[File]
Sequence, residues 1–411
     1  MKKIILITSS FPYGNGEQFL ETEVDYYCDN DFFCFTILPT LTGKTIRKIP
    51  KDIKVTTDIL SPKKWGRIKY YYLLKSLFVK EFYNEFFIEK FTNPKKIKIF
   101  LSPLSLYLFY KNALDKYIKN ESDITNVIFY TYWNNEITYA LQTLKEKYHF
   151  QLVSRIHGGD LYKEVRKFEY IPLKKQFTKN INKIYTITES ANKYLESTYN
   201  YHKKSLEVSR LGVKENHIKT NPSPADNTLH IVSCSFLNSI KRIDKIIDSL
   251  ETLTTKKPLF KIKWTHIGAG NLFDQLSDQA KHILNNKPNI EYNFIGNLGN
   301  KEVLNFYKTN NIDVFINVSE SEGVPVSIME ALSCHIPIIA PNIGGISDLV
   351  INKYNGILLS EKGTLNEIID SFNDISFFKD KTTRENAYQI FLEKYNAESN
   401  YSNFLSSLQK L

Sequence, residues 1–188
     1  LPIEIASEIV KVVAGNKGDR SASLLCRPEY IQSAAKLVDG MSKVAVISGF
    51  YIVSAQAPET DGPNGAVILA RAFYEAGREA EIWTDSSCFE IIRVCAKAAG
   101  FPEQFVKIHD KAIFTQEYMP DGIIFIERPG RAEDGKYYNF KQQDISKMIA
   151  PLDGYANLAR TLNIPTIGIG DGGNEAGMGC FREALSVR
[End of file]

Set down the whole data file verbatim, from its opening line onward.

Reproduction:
Sequence, residues 1–411
     1  MKKIILITSS FPYGNGEQFL ETEVDYYCDN DFFCFTILPT LTGKTIRKIP
    51  KDIKVTTDIL SPKKWGRIKY YYLLKSLFVK EFYNEFFIEK FTNPKKIKIF
   101  LSPLSLYLFY KNALDKYIKN ESDITNVIFY TYWNNEITYA LQTLKEKYHF
   151  QLVSRIHGGD LYKEVRKFEY IPLKKQFTKN INKIYTITES ANKYLESTYN
   201  YHKKSLEVSR LGVKENHIKT NPSPADNTLH IVSCSFLNSI KRIDKIIDSL
   251  ETLTTKKPLF KIKWTHIGAG NLFDQLSDQA KHILNNKPNI EYNFIGNLGN
   301  KEVLNFYKTN NIDVFINVSE SEGVPVSIME ALSCHIPIIA PNIGGISDLV
   351  INKYNGILLS EKGTLNEIID SFNDISFFKD KTTRENAYQI FLEKYNAESN
   401  YSNFLSSLQK L

Sequence, residues 1–188
     1  LPIEIASEIV KVVAGNKGDR SASLLCRPEY IQSAAKLVDG MSKVAVISGF
    51  YIVSAQAPET DGPNGAVILA RAFYEAGREA EIWTDSSCFE IIRVCAKAAG
   101  FPEQFVKIHD KAIFTQEYMP DGIIFIERPG RAEDGKYYNF KQQDISKMIA
   151  PLDGYANLAR TLNIPTIGIG DGGNEAGMGC FREALSVR